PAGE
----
Tuesday, January 31

The Sparrow's Gift and...

Given the plethora of Hansel and Gretel variants that are airing on television, I had expected to tackle another familiar tale this week. This Japanese story enchanted me, however, and struck some deep chords. So, into the wild I go. Please join me... 
“The Sparrow’s Gift” is a fairy tale with a character who changes, which is somewhat rare in fairy tales. We are so used to “stock characters” in fairy tales—evil stepmothers, ugly stepsisters, damsels in distress, etc.—that a story whose whole purpose is the turning of a character seems out of place. These stock characters are easier for youngsters to identify with, so they are the stories we ask for in nurseries and at bedtime. This story, however, is for grown-ups.
Not because it is so worldly or filled with dangerous themes. Rather, because young audiences seldom appreciate patience or kindness towards those who do not deserve it. Many of us cheer when Cinderella’s stepsisters get their eyes pecked out. We want Baba Yaga’s chicken-legged house to eat her up, rather than torment the brave youth. The old woman in this story, however, isn’t eternally punished for her evil deeds. She is exposed to the error of her ways and then—much to our surprise—proceeds to change.
What kind of evil witch is this?
She’s a person, silly. It is easy to blame evil on others when we are young, for bad things surely cannot be our fault. When we are grown, though, we no longer have that excuse. Bad things may happen to us, of course, but a part of growing up is accepting responsibility for the consequences of our actions. The expression “you can’t teach an old dog new tricks”—meaning people become set in their ways and are incapable of change—is a convenient lie the lazy give to keep from being responsible.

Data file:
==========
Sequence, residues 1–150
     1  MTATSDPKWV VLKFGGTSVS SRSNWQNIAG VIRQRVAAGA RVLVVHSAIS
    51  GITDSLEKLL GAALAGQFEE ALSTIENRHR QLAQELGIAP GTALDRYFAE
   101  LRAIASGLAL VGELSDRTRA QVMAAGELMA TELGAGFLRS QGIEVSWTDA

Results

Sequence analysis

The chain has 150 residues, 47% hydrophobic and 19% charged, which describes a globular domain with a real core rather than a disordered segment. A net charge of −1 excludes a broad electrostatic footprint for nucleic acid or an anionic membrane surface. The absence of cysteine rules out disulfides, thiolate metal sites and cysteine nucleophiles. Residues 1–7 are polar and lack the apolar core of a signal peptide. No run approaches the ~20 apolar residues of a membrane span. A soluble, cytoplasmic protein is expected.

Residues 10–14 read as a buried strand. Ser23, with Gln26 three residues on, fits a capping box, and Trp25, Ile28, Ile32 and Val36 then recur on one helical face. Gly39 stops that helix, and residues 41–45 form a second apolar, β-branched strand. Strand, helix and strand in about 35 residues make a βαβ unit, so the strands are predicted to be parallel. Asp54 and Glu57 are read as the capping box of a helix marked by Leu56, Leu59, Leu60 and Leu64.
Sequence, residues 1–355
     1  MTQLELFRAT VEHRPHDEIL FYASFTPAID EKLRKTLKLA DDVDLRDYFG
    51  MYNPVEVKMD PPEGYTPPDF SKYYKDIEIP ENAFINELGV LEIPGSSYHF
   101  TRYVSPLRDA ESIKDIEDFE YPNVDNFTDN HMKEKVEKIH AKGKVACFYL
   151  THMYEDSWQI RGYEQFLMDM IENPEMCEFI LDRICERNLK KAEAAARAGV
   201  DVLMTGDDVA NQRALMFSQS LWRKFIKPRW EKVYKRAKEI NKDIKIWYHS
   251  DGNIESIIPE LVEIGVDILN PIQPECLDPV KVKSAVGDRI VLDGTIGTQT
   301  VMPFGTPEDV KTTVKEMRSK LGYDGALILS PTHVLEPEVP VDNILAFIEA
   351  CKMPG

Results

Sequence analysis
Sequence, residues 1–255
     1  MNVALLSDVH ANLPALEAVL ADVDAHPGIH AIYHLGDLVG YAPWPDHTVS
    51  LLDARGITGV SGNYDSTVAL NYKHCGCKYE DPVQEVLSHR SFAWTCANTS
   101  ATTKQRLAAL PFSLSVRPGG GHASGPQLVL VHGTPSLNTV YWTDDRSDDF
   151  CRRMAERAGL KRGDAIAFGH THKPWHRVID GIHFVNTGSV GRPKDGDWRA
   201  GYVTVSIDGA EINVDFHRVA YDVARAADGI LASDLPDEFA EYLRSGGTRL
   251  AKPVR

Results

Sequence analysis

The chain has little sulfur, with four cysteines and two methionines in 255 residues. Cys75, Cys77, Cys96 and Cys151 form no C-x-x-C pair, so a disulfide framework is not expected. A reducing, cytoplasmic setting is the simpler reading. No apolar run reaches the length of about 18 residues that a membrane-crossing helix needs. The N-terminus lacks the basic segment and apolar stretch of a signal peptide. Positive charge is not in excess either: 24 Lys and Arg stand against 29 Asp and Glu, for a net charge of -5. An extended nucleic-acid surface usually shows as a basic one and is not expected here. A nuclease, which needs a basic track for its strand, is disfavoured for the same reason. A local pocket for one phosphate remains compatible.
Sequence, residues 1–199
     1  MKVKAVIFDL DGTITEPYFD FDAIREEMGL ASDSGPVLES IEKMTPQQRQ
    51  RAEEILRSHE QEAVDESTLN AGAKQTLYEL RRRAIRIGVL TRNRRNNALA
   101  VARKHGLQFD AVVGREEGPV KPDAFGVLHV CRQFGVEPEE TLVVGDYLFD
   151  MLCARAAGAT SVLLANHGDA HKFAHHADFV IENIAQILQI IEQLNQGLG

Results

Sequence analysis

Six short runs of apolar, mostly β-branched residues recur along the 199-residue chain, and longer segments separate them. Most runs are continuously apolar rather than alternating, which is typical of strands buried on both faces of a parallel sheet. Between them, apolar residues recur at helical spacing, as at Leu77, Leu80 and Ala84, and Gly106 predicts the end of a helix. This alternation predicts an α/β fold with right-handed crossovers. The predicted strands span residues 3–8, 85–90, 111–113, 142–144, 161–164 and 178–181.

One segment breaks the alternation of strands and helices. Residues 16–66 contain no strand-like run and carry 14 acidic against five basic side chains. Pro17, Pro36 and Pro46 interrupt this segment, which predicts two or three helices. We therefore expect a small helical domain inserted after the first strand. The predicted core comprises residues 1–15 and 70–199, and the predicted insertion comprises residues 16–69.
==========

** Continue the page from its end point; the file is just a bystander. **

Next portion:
If this old woman could change, why can’t you? Or I, for that matter?
As a writer, though, the question becomes more academic and less personal. The reader does not know at the beginning of the story that the old woman will change. (In some versions, she does not!) Is it necessary for the writer to create sympathy for the character? Given that most of the story covers the mean-spiritedness of the old woman, how much of her new life does the reader need to see to believe? Is there a formula for this kind of change? Does having her change affect the value of the story?
How much change/need for change does an author need to put into a story in order to give it proper weight?

1 comment:

  1. In the bottom, I labeled this as an "elder tale" without explaining that. The majority of fairy tales are about the beginning of life, not the end. Elder tales, however, do not feature plucky children or shy maidens. They are folk tales that speak to grown-ups who have learned to read fairy tales again.

    Doesn't make them less valuable to us "young'uns", but it gives a different perspective.


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